Continuous Integration — Setting up PHP Applications in Jenkins Part 2
This is the second part of the series and we will be securing the Jenkins server we earlier installed.
If you missed the first part of this series where I covered Jenkins Installation, Jenkins plugins installation, NGINX installation and reverse proxy setup, Click here.
It’s important to secure Continuous Integration servers like Jenkins to ensure that proprietary code, credentials and sensitive information are not leaked to the public.
There are various ways to secure the Jenkins server, but I decided to go with Google Login approach because most people have at least one google account and lots of organisations use Google Apps for Work.
This plugin lets you login to Jenkins with your Google account. It also allows you to restrict access to accounts in a given Google Apps domain.
Google Login Plugin Installation
I created the gist above to help with the installation. Line 4 installs the google-plugin using the jenkins-cli application and line 5 safely restarts the Jenkins server.
Obtaining OAuth 2.0 Credentials
To use this plugin, you must obtain OAuth 2.0 credentials from the Google Developers Console. These don’t need to belong to a special account, or even one associated with the domain you want to restrict logins to.
Instructions to create the Client ID and Secret:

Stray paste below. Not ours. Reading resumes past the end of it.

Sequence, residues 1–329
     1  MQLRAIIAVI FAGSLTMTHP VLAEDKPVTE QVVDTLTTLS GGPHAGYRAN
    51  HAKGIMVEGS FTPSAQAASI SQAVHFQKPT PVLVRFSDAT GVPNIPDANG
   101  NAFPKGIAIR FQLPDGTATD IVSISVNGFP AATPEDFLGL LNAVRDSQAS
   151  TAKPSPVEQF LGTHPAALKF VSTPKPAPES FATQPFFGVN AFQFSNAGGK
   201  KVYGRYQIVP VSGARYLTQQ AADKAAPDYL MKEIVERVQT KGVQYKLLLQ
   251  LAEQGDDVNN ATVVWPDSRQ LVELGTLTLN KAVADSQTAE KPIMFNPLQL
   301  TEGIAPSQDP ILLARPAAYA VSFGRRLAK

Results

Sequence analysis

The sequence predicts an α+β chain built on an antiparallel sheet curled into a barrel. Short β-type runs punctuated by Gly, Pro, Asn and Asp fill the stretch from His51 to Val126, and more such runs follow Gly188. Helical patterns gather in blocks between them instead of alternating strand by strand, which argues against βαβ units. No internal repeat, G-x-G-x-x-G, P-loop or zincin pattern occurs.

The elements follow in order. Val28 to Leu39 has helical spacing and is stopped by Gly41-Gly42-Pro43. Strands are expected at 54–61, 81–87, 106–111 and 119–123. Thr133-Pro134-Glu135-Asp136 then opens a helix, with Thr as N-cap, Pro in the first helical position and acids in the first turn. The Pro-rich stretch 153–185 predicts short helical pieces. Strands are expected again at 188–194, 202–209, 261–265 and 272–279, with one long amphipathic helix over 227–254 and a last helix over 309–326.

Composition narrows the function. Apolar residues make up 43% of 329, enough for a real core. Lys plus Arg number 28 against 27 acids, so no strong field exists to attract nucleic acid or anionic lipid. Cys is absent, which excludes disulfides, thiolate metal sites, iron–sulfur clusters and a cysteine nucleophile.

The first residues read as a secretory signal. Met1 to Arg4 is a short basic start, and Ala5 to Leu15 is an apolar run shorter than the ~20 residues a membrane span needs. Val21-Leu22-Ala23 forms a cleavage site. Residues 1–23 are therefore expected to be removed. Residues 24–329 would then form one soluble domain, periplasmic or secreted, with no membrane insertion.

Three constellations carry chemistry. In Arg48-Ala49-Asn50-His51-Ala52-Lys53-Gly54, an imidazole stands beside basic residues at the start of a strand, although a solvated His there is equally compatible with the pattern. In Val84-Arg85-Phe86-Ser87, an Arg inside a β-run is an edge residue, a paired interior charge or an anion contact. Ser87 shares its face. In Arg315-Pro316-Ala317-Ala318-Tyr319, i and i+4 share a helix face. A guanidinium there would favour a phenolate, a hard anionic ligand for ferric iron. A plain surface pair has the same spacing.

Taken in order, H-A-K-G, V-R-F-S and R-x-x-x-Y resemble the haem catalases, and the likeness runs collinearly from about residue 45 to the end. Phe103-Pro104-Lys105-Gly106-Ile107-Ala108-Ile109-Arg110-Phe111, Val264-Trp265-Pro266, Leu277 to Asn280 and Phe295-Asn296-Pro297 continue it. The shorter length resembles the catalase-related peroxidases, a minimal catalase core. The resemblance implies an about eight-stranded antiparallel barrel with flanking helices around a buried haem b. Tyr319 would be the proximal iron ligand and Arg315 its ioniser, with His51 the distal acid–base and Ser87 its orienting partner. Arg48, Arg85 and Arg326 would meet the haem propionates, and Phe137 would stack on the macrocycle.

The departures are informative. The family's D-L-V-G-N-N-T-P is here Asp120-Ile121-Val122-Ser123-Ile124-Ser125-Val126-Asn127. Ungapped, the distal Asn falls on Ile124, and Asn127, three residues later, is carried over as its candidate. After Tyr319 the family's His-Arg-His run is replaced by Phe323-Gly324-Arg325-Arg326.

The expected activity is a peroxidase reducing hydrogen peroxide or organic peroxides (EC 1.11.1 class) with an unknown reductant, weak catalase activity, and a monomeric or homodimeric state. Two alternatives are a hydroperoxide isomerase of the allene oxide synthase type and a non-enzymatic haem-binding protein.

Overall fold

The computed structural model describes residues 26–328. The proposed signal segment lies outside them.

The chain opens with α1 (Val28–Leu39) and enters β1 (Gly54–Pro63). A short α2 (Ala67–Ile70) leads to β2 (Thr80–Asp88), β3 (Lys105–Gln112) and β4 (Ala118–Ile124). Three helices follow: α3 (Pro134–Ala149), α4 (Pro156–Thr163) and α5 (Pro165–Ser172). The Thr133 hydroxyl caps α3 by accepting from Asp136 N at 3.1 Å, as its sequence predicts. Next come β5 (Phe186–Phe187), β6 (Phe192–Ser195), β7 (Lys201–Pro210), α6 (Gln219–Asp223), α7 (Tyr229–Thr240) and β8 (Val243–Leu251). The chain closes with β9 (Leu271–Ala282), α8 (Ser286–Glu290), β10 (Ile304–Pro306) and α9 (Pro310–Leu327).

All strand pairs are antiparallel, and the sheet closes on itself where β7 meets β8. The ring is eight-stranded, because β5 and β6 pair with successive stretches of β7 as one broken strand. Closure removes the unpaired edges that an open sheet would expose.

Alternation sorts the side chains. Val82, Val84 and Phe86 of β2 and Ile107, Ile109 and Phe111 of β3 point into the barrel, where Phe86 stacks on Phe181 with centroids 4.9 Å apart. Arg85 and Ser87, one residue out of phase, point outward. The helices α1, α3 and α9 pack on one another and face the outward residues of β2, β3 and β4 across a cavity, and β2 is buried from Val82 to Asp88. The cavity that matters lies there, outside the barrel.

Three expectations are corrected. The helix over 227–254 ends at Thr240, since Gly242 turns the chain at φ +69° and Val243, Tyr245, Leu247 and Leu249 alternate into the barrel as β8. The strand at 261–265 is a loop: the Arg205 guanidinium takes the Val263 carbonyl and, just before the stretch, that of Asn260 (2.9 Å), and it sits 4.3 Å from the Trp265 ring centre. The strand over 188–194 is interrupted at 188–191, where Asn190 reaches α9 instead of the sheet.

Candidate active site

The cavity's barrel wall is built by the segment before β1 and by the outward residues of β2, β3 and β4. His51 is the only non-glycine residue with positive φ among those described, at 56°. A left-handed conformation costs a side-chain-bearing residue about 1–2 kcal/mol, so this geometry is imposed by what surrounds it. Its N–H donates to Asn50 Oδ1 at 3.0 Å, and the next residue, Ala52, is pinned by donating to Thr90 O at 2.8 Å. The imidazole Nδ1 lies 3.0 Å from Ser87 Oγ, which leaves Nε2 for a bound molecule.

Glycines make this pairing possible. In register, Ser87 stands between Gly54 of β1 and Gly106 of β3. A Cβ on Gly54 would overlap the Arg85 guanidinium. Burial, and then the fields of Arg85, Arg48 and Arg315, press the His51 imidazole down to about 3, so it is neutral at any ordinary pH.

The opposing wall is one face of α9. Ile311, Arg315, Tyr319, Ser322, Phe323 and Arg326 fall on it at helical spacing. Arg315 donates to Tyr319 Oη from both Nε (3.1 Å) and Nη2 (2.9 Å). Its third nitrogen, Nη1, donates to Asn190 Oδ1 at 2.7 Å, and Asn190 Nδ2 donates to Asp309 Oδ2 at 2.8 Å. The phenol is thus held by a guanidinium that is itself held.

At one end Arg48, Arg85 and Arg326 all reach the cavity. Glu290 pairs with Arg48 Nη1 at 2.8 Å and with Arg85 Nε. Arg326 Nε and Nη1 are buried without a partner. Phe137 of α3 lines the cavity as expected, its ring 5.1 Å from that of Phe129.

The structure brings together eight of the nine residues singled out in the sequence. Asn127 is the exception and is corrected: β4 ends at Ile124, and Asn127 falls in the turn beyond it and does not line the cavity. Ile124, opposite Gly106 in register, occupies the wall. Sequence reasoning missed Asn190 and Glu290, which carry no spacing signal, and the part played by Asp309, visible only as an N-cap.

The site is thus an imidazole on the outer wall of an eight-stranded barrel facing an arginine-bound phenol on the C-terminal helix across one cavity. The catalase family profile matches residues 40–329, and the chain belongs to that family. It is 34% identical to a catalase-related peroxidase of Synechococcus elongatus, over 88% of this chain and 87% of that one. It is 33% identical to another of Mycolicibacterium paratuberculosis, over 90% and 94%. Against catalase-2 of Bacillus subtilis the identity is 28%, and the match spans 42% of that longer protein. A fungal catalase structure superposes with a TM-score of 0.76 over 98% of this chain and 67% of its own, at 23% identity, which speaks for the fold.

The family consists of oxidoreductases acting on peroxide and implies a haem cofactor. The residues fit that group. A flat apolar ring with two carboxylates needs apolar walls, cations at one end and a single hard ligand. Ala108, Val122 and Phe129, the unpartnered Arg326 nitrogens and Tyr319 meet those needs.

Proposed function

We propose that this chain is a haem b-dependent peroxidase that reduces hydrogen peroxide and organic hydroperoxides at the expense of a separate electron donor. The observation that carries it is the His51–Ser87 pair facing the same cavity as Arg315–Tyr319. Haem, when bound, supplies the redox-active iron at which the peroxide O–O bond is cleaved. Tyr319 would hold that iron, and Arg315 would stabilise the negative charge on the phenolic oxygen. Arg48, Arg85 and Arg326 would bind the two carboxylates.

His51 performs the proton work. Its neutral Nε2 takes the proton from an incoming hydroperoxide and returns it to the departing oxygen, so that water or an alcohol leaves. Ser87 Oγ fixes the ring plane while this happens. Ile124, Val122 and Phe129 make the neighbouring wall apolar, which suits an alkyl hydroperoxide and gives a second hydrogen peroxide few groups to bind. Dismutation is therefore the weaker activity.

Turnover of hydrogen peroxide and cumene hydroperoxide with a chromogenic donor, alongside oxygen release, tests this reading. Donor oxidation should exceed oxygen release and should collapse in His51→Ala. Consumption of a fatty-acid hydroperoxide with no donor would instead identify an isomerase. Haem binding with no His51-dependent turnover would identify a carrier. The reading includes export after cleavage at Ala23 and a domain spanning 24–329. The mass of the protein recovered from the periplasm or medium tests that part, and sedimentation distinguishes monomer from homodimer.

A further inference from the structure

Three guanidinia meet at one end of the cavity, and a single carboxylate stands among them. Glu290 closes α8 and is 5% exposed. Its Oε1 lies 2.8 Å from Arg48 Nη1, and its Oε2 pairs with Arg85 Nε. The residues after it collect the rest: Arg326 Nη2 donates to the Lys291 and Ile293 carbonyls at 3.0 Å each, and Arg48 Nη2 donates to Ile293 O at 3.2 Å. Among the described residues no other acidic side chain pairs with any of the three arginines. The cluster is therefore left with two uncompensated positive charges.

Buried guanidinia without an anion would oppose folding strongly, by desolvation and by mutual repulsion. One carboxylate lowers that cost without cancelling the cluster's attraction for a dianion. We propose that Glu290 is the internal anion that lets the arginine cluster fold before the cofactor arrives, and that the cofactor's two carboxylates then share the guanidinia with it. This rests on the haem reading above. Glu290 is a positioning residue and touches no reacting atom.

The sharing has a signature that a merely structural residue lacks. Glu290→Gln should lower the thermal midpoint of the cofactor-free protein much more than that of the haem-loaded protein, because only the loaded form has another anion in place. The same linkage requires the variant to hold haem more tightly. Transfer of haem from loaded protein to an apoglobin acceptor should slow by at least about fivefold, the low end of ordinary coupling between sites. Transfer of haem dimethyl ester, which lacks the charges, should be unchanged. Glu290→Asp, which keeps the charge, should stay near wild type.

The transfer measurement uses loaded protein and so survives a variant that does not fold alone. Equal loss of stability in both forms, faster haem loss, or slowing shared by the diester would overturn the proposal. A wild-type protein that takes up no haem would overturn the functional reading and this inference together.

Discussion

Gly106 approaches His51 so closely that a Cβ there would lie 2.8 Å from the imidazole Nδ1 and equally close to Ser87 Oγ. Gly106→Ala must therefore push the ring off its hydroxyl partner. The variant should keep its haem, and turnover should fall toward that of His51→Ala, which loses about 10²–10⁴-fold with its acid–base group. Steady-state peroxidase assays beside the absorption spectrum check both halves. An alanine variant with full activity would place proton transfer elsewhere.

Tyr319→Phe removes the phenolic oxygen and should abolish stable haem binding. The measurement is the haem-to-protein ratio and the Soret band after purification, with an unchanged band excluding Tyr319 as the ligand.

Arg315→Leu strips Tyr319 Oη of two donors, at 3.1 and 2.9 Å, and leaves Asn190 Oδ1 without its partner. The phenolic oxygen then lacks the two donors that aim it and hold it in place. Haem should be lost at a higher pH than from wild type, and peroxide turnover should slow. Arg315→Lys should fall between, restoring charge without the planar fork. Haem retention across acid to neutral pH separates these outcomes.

- Login to the Google Developers Console
- Create a new project
- Under Credentials, Create OAuth Client ID by clicking Create Credentials
- The application type should be “Web Application”
- The authorised redirect URLs should contain JENKINS_ROOT_URL/securityRealm/finishLogin
Configure Global Security
With the OAuth credentials obtained now, we can go ahead to configure global security on the Jenkins server using the Google login plugin.
To configure global security go to Configure Global Security under Manage Jenkins, check the Enable Security checkbox, this shows additional options.
In the Security Realm section, select Login with Google and enter the Client ID and Client Secret obtained from the Google Developers Console; you can additionally add a Google Apps Domain if you want to limit access to users in a particular domain.
In the Authorisation section, select Logged-in users can do anything. Click the Apply button, immediately you would be prompted to login.
For additional security, I will advice you use the Project-based Matrix Authorisation Strategy, this strategy is provided by the Matrix Authorisation Strategy Plugin which is installed by default and offers matrix-based security authorisation strategies (global and per-project).
NB: Ensure you add permissions for your root user before applying changes when using the Project-based Matrix Authorisation Strategy so as not to lock yourself out of Jenkins.
In the second part of this series, we have been able to:
- Install Google Login Plugin
- Configure Global Security
In the part 3 of this series, we would be looking at setting up a basic PHP application on Jenkins. Watch Out!
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